The Department of the Navy on Tuesday released talking points to help its senior leaders explain the furloughs that will impact civilian employees if Congress remains deadlocked over budget matters.
To review, the government faces automatic spending cuts known as sequestration if lawmakers fail to reach a deficit-reduction deal by March 1. After that, Congress has to come up with a new budget before the existing temporary spending plan expires on March 27 in order to avoid a shutdown.
The Navy’s memo provides insight into what other military departments are likely to say about these matters in coming days.
According to the talking points, the government will provide Congress and unions with notification of the potential for furloughs sometime this week.
If the sequester occurs, workers subject to furlough would receive 30 days notice of unpaid leave, with letters arriving sometime around March 15 and the time off beginning in late April, the memo said.
Under sequestration, furloughs would affect nearly all civilian employees, with “rare exceptions” applying to:
1.) Civilians deployed in combat zones
2.) Employees “needed to prevent unacceptable risk or catastrophic gaps in the safety and protection of life or property”
3.) Employees funded entirely with non-appropriated funds
4.) Employees exempt by law, such as presidential appointees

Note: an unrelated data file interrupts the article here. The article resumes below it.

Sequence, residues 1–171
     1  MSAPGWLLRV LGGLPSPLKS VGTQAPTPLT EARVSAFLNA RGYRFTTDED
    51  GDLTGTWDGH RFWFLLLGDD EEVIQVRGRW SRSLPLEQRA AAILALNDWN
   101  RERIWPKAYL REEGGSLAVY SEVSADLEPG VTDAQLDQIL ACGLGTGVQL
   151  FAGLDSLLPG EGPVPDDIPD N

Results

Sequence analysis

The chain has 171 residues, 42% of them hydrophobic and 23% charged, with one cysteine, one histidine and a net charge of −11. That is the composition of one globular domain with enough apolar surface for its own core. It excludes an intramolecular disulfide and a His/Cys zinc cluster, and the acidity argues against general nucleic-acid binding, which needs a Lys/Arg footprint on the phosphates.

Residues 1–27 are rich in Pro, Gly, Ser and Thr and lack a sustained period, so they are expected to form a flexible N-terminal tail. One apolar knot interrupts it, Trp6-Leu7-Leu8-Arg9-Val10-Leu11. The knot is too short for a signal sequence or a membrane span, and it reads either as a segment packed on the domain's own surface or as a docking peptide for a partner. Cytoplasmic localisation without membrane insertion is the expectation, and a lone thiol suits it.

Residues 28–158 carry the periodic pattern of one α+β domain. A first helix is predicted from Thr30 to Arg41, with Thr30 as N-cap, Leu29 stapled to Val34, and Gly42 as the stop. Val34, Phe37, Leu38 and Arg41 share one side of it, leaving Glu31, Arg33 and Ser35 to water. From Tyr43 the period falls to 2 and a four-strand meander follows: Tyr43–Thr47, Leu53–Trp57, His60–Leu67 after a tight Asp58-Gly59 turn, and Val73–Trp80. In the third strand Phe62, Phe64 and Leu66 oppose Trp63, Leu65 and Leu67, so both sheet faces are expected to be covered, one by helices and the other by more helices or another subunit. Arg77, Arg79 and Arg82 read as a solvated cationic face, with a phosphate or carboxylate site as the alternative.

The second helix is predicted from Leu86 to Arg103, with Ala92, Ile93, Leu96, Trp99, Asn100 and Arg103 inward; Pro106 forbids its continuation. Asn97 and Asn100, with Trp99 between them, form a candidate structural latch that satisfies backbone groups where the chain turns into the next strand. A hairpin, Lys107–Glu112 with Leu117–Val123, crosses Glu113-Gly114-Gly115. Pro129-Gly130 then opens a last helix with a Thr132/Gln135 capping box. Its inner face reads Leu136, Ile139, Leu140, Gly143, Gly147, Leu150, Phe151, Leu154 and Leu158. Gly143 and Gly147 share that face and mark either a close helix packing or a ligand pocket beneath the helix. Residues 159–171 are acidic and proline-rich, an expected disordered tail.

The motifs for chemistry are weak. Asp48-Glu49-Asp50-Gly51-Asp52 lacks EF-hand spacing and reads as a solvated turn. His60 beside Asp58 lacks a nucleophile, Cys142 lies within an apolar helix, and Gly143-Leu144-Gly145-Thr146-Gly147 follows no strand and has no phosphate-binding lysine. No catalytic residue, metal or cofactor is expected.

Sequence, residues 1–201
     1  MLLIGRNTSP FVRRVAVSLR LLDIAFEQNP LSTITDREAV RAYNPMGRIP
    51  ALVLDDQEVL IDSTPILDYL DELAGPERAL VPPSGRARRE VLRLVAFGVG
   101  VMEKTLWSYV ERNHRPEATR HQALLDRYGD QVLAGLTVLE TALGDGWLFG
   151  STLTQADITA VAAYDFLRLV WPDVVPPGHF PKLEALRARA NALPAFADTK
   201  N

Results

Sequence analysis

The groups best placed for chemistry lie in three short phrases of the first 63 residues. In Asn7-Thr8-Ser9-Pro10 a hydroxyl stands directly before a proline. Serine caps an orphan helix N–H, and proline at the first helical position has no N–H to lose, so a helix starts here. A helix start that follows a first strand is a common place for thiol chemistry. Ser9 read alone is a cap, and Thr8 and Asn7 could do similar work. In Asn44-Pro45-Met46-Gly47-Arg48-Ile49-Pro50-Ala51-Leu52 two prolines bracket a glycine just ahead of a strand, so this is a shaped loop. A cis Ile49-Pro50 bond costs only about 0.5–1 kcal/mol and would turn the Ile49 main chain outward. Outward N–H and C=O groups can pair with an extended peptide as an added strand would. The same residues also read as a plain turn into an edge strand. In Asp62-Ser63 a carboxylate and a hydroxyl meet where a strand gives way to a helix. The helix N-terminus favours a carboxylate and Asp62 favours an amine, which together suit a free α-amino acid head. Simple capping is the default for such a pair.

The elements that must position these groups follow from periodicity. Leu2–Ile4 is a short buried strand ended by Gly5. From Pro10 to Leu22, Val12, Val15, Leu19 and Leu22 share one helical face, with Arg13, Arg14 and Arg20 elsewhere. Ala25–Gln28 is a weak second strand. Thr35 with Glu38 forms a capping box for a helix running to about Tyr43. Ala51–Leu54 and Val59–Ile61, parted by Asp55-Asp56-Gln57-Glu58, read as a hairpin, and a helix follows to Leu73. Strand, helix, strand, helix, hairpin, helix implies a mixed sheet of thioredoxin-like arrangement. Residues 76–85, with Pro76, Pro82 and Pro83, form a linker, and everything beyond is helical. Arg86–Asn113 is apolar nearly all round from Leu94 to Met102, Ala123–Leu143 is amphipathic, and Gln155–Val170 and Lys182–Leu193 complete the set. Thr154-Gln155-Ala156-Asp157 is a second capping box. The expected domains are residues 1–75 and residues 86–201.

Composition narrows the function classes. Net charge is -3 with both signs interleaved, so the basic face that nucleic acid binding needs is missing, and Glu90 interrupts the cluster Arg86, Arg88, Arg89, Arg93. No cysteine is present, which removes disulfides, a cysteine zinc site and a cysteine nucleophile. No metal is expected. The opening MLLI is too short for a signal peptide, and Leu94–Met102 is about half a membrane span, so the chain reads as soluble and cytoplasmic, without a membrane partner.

5.) Foreign nationals only if furlough exemptions are required by a status-of-forces agreement
Sequester furloughs would last no more than 22 days — with up to 16 hours of unpaid leave per week, according to the talking points. Affected workers would not be allowed to substitute paid leave or other time off for the furloughs, the memo said.
Individual commands and the U.S. Marine Corps would also not be allowed to use contract funding or premium pay to offset furloughs, nor would they be able to transfer inherently governmental work to contractors, according to the talking points.
Commanders from the Department of the Navy’s budget setting offices would determine hours and time of furloughs depending upon mission requirements, the memo said.
In the event of a shutdown, which could happen even if Congress avoids sequestration, “mission critical employees” would be exempt from furloughs, according to the talking points.
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